High-dollar super PACs and advocacy groups failed to score big wins in the recent elections, but they may have better luck with their next act: lobbying Capitol Hill. From anti-tax activists to environmental organizers, special interest players are pivoting to the policy arena and bringing their unrestricted super PACs with them. It’s a trend that worries campaign reform advocates, who warn that the Supreme Court’s 2010 Citizens United v. Federal Election Commission ruling may do more to distort policymaking than elections.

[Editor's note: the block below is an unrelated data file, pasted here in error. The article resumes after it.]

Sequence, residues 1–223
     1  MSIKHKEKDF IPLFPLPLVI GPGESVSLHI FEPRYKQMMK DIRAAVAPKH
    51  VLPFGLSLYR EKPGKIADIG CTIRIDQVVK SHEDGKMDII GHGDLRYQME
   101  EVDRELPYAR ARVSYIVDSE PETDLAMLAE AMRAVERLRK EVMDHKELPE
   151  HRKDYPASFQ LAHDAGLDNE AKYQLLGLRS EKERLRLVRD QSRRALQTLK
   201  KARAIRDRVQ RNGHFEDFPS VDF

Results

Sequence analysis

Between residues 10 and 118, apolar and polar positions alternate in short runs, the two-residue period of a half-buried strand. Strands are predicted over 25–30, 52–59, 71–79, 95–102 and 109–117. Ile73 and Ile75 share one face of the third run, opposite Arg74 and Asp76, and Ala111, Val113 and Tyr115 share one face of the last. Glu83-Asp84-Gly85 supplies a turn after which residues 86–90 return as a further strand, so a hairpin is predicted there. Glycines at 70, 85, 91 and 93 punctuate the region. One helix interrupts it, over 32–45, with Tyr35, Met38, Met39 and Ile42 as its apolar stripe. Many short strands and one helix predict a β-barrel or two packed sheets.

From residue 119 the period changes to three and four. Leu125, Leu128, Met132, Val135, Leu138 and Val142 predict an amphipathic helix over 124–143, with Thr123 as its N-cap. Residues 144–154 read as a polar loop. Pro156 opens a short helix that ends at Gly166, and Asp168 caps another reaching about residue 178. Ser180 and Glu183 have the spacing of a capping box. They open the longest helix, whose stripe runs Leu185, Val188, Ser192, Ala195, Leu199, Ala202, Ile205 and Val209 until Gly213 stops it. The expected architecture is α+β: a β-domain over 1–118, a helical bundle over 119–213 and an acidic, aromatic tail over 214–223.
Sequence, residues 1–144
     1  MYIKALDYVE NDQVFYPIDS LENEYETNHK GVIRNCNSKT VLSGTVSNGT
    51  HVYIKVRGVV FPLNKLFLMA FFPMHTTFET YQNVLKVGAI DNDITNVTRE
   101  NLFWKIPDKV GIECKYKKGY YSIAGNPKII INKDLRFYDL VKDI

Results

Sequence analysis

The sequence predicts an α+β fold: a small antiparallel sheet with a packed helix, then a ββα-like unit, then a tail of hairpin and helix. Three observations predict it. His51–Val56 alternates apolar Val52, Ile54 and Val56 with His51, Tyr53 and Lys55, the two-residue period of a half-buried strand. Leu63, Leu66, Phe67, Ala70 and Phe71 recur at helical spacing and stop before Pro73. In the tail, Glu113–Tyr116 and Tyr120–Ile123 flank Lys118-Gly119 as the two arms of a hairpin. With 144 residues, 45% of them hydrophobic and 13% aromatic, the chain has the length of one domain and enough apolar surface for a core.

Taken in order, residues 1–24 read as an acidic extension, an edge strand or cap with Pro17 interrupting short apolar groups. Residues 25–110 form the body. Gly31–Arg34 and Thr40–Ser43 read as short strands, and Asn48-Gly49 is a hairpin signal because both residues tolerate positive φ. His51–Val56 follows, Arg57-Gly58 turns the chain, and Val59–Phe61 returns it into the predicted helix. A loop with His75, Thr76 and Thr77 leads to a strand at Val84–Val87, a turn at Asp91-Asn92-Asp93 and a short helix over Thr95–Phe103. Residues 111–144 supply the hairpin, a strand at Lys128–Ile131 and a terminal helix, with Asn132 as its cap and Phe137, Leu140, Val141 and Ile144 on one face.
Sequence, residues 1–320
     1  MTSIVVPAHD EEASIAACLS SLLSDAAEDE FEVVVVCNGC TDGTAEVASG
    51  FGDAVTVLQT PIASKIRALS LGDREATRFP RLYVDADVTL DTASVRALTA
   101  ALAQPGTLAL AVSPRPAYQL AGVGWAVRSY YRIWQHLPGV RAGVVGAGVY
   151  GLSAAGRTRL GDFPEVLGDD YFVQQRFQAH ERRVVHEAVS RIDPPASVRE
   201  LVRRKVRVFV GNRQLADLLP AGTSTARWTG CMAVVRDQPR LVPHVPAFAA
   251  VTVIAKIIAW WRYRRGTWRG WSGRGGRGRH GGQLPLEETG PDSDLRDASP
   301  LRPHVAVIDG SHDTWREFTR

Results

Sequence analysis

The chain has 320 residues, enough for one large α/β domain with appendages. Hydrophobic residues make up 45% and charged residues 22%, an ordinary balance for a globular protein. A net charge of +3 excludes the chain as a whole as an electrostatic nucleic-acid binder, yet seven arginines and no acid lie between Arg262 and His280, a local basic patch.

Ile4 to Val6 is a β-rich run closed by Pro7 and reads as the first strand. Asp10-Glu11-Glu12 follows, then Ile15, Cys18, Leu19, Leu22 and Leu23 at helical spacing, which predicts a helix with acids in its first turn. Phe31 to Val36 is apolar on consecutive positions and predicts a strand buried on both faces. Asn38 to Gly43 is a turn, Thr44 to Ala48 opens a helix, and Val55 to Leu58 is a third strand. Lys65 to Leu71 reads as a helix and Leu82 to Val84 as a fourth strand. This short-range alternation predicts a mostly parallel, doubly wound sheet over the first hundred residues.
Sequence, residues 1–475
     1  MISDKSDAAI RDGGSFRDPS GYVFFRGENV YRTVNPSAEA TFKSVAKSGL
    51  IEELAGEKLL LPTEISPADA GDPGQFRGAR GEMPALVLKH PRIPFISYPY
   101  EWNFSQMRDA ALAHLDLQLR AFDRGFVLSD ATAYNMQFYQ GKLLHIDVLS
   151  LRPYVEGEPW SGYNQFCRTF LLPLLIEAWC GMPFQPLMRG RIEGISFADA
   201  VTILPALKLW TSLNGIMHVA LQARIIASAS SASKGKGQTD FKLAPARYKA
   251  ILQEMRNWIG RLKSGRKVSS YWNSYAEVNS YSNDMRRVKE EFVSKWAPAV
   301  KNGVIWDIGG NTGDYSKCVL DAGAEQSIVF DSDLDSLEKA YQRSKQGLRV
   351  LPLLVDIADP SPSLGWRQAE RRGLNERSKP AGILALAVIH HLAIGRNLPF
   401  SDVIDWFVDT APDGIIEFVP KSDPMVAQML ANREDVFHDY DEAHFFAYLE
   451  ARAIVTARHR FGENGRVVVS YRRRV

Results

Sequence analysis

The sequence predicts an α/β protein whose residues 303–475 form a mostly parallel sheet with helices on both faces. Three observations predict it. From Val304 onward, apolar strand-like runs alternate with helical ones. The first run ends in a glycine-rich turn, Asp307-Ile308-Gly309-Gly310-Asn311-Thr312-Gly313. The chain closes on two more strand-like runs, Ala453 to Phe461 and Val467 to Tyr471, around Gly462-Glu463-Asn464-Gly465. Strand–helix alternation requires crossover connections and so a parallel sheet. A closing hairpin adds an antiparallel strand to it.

"People are going to be looking for new tools to break through the noise in D.C.," said Public Policy & Regulation Group Chair Rich Gold. "I could see super PACs being set up by industry sectors, or even by coalitions interested in a particular issue," said Mr. Gold.
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